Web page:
Revisiting this page now in 2019, I'd take more exception to this. For entirely unrelated reasons, I ran my own banner ad A/B test, and the results were far from harmless: And this turns out to parallel experiments by both Pandora and Mozilla. Scuttlebutt has it there are more suppressed experiments also demonstrating long-term harm. (I'm running a followup experiment which I hope will show smaller effects but I don't know what it is finding yet.)

Extrapolate the various estimates out to Craigslist and that's a lot of potential global deadweight loss from sales/deals/rentals not happening.

December newsletter

2019-01-02T15:13:02.771Z · score: 20 (4 votes)
Comment by gwern on LessWrong Help Desk - free paper downloads and more (2014) · 2018-12-31T23:01:55.322Z · score: 7 (3 votes) · LW · GW

A bit late, but I've tried to write up what I know about searching:

Comment by gwern on Why Don't Creators Switch to their Own Platforms? · 2018-12-23T15:18:51.986Z · score: 3 (1 votes) · LW · GW

WordPress is not analogous to YouTube for reasons quanticle just explained.

Internet Search Tips: how I use Google/Google Scholar/Libgen

2018-12-12T14:50:30.970Z · score: 54 (13 votes)
Comment by gwern on Is Science Slowing Down? · 2018-12-11T00:13:29.066Z · score: 13 (3 votes) · LW · GW

Theranos, as I understand it, was promising blood testing of all sorts of biomarkers like blood glucose, and nothing to do with DNA. DNA sequencing is different from measuring concentration - at least in theory, you only need a single strand of DNA and you can then amplify that up arbitrary amounts (eg in PGD/embryo selection, you just suck off a cell or two from the young embryo and that's enough to work with). If you were trying to measure the nanograms of DNA per microliter, that's a bit different.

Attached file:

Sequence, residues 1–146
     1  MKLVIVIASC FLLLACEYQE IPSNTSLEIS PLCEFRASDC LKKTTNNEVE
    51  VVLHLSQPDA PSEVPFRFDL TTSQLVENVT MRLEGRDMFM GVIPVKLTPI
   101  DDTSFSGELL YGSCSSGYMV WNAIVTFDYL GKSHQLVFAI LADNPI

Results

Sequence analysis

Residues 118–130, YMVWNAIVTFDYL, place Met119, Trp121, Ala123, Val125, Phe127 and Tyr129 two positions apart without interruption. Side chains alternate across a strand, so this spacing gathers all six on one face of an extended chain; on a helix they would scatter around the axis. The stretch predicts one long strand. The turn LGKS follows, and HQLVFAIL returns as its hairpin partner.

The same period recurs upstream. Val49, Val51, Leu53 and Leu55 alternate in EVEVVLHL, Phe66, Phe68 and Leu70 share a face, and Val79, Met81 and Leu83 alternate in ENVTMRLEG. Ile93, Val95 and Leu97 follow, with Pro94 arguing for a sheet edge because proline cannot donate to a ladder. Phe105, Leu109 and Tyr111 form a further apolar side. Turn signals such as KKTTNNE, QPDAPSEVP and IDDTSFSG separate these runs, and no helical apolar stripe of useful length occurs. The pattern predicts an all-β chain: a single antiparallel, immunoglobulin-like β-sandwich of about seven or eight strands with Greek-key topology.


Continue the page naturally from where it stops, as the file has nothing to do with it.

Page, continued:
I don't know anything about RNA sequencing, since it's not relevant to anything I follow like GWASes.

Comment by gwern on What precisely do we mean by AI alignment? · 2018-12-09T02:34:23.777Z · score: 4 (2 votes) · LW · GW

Where did the rest of this article go? There's just a paragraph at the start, on both LW2/GW.

Comment by gwern on Is Science Slowing Down? · 2018-12-08T01:34:12.349Z · score: 10 (4 votes) · LW · GW

The gossip I hear is that the Gods of Straight Lines continued somewhat but prices took a breather because of the Illumina quasi-monopoly (think Intel vs AMD). Several of the competitors stumbled badly for what appear to be reasons unrelated to the task itself: BGI gambled on an acquisition to develop its own sequencers which famously blew up in its face for organizational reasons, and rumor has it that 23andMe spent a ton of money on an internal effort which it eventually discarded for unknown reasons. You'll notice that after WGS prices paused for years on end, suddenly, now that other companies have begun to catch up, Illumina has begun talking about $100 WGS next year and we're seeing DTC WGS drop like a stone.

Comment by gwern on Coherence arguments do not imply goal-directed behavior · 2018-12-04T19:58:01.516Z · score: 41 (13 votes) · LW · GW

That's not very imaginative. Here's how a chess tree search algorithm - let's take AlphaZero for concreteness - could learn to kill other processes, even if it has no explicit action which corresponds to interaction with other processes and is apparently sandboxed (aside from the usual sidechannels like resource use). It's a variant of the evolutionary algorithm which learned to create a board so large that its competing GAs crashed/were killed while trying to deal with it (the Tic-tac-toe memory bomb). In this case, position evaluations can indirectly reveal that an exploration strategy caused enough memory use to trigger the OOM, killing rival processes, and freeing up resources for the tree search to get a higher win rate by more exploration:

  1. one of the main limits to tree evaluation is memory consumption, due to the exponential growth of breadth-first memory requirements (this is true regardless of whether an explicit tree or implicit hash-based representation is used); to avoid this, memory consumption is often limited to a fixed amount of memory or a mix of depth/breadth-first strategies are used to tame memory growth, even though this may not be optimal, as it may force premature stopping to expansion of the game tree (resorting to light/heavy playouts) or force too much exploitation depthwise along a few promising lines of play and too little exploration etc. (One of the criticisms of AlphaZero, incidentally, was that too little RAM was given to the standard chess engines to permit them to reach their best performance.)